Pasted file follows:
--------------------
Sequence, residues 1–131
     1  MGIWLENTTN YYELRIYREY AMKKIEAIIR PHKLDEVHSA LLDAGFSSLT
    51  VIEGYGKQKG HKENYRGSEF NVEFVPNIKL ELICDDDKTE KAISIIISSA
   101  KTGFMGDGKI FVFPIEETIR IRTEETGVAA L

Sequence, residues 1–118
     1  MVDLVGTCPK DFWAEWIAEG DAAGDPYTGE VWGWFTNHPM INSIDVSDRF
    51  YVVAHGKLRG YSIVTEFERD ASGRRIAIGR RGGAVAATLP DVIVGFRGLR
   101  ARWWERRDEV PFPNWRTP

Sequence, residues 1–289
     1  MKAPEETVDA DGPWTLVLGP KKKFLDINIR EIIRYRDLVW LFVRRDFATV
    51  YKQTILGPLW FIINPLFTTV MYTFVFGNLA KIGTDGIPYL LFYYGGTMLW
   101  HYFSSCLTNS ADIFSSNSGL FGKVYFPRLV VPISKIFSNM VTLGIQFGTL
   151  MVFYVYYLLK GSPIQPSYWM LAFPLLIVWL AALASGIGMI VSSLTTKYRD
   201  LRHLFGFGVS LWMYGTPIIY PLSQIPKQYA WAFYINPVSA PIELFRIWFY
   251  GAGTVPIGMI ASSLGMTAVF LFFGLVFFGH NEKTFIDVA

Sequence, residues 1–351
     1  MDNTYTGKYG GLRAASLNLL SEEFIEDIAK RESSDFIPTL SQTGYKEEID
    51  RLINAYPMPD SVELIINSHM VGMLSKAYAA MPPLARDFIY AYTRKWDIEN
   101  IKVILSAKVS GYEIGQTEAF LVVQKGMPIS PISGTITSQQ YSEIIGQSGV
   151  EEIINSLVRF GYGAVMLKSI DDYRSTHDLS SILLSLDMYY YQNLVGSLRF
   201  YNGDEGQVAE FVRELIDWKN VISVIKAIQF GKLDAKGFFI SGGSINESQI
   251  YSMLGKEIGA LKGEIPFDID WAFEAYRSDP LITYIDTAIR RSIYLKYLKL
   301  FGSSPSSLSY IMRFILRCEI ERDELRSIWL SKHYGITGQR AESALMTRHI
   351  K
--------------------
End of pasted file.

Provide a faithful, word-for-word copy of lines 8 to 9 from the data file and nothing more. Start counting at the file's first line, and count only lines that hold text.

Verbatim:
   101  ARWWERRDEV PFPNWRTP

Sequence, residues 1–289